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Defusing Islamic State’s Dirty Bomb: Dispelling the Myths About Radiological Dispersion Bombs

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170189260This past summer, Islamic State (IS, formerly ISIS) reportedly stole uranium compounds from Mosul University in Iraq. Writing to UN Secretary-General Ban Ki-moon on July 8, Iraqi UN Ambassador Mohamed Ali Alhakim said that 88 pounds of uranium used for scientific research at Mosul University had been looted. Now, some militants associated with the group are claiming they have built a “dirty bomb” and are targeting London. Is this cause for serious concern?

Not really. Here’s why.

Since the advent of the Atomic Age in the 1940s, catastrophic nuclear events— Hiroshima, Three Mile Island, Chernobyl—have caused the general public to develop a deep-rooted fear of radiation. The new threats brought about by the specter of terrorism, particularly the concept of the radiological dispersion bomb (aka “dirty bomb”), have only increased this “radiophobia.”

Such terror threats are indeed real and we must constantly take precautions to prevent such attacks as we would any bombing. But we also have a moral and civic duty to prepare ourselves, both physically and—even more importantly—psychologically, should such an attack take place on our homeland.

When it comes to dirty bombs, the true power of such a device lies not in its ability to spread radiation but in its ability to spread panic and fear. As we’ve seen in the ear can lead to citizens and their governments to restrict freedoms in a ways that far exceed the threats imposed by actual terrorist attacks.

In order to defuse this anxiety we therefore need to develop an awareness of the myths and realities about radiation exposure:

Myth: Like nuclear weapons, the real danger posed by dirty bombs is the fallout from the radiation.

Reality: It’s true that radiological dispersion bombs (RDBs) are like nuclear weapons in one respect—the threat is due more to the blast than to the radiation fallout. A dirty bomb is a simply a conventional explosive that has been laced with a radioactive material in order to contaminate a wide area. Because of the devastating effects of a bomb blast, the explosive material in such a bomb would most likely be far more dangerous than the nuclear material it contained. The destructive power and spread of radioactive material, however, would ultimately depend on both the size of the conventional bomb and the volume and nature of the nuclear material. But as the U.S. Nuclear Regulatory Commission points out, a dirty bomb is in no way similar to a nuclear weapon. The presumed purpose of its use would not be as a Weapon of Mass Destruction but rather as a Weapon of Mass Disruption. (1)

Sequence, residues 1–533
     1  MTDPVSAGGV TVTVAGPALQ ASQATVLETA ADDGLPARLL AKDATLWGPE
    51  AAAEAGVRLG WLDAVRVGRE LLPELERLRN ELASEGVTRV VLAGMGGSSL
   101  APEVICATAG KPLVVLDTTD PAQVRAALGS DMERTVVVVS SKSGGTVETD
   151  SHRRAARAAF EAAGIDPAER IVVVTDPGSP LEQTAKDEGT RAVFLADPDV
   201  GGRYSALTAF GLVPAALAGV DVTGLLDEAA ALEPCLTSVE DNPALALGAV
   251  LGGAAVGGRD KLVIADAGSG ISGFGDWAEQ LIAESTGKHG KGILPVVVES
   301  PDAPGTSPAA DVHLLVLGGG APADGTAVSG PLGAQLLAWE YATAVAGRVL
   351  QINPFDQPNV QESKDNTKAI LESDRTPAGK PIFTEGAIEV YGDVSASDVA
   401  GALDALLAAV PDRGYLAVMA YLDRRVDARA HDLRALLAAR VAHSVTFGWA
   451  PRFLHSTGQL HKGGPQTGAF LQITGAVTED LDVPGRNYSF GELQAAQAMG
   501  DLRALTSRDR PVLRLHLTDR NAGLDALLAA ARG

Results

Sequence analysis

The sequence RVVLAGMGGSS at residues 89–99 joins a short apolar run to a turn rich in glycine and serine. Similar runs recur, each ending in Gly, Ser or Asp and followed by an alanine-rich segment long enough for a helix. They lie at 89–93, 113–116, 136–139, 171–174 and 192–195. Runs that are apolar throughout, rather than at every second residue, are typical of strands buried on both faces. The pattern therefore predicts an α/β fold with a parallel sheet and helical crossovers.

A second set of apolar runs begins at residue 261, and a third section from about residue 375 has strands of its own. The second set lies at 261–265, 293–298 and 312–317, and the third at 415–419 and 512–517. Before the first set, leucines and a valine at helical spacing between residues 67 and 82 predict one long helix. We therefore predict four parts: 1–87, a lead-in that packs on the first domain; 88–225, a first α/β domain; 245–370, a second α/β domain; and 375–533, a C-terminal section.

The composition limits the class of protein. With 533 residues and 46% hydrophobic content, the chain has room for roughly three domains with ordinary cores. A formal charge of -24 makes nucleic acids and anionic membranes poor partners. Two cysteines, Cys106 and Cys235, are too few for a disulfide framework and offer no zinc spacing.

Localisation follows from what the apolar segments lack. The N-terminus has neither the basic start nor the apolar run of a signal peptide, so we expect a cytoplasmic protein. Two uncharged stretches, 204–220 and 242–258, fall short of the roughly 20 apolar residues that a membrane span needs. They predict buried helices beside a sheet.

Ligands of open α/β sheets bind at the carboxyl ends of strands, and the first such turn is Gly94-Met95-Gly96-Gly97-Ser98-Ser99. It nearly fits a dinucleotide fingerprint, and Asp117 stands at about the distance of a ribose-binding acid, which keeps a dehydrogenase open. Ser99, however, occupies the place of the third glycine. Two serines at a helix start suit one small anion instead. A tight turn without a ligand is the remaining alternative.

Myth: The detonation of a dirty bomb would lead to radiation exposure, which in itself is always harmful.

Reality: The truth is that we’re exposed to radiation every day. In the U.S., the unit of measurement for exposure of radiation on human tissue is known as a rem, an acronym for “Roentgen equivalent, man.” (Just as the rest of the world uses the metric system, they also use another unit of exposure known as a Sievert (Sv). The conversion is 100 rem = 1 Sv.) Most exposure, however, is so low that it is measured in millirem (mrem). (1000 mrem = 1 rem)

Natural radiation contributes about 82 percent of the annual dose to the population with medical procedures (e.g., X-rays) contributing the remaining 18 percent. This produces a total annual average radiation exposure of 360 mrem (3.6 mSv). Both natural and artificial radiations affect us in the same way, so exposure limits can be measured together. The OSHA standard for workers who deal with radioactive material in the course of their job is 5 rem (50 mSv) per year. (2)

Myth: The radiation fallout from a dirty bomb would be much greater than normal exposure limits.

Reality: It depends on what source of radioactive material is used. The most likely scenario would involve readily available material such as cesium-137 (which is used in nuclear medicine) or cobalt-60 (which is used in food irradiation). Strontium-90, which is found in abandoned portable thermoelectric generators in the former Soviet Union, would be a greater threat; though it is likely the terrorist would die from exposure while transporting such material.

A dirty bomb made of the more powerful cobalt-60 would only deliver an average dose of a few tenths of a rem for people within a half-mile radius, less than that delivered by a CT exam of the head (1,100 mrem).(3) Such an exposure is extremely unlikely to cause long-term harm much less death or radiation sickness.

Myth: Long term exposure to even low doses of radiation can cause cancer and birth defects.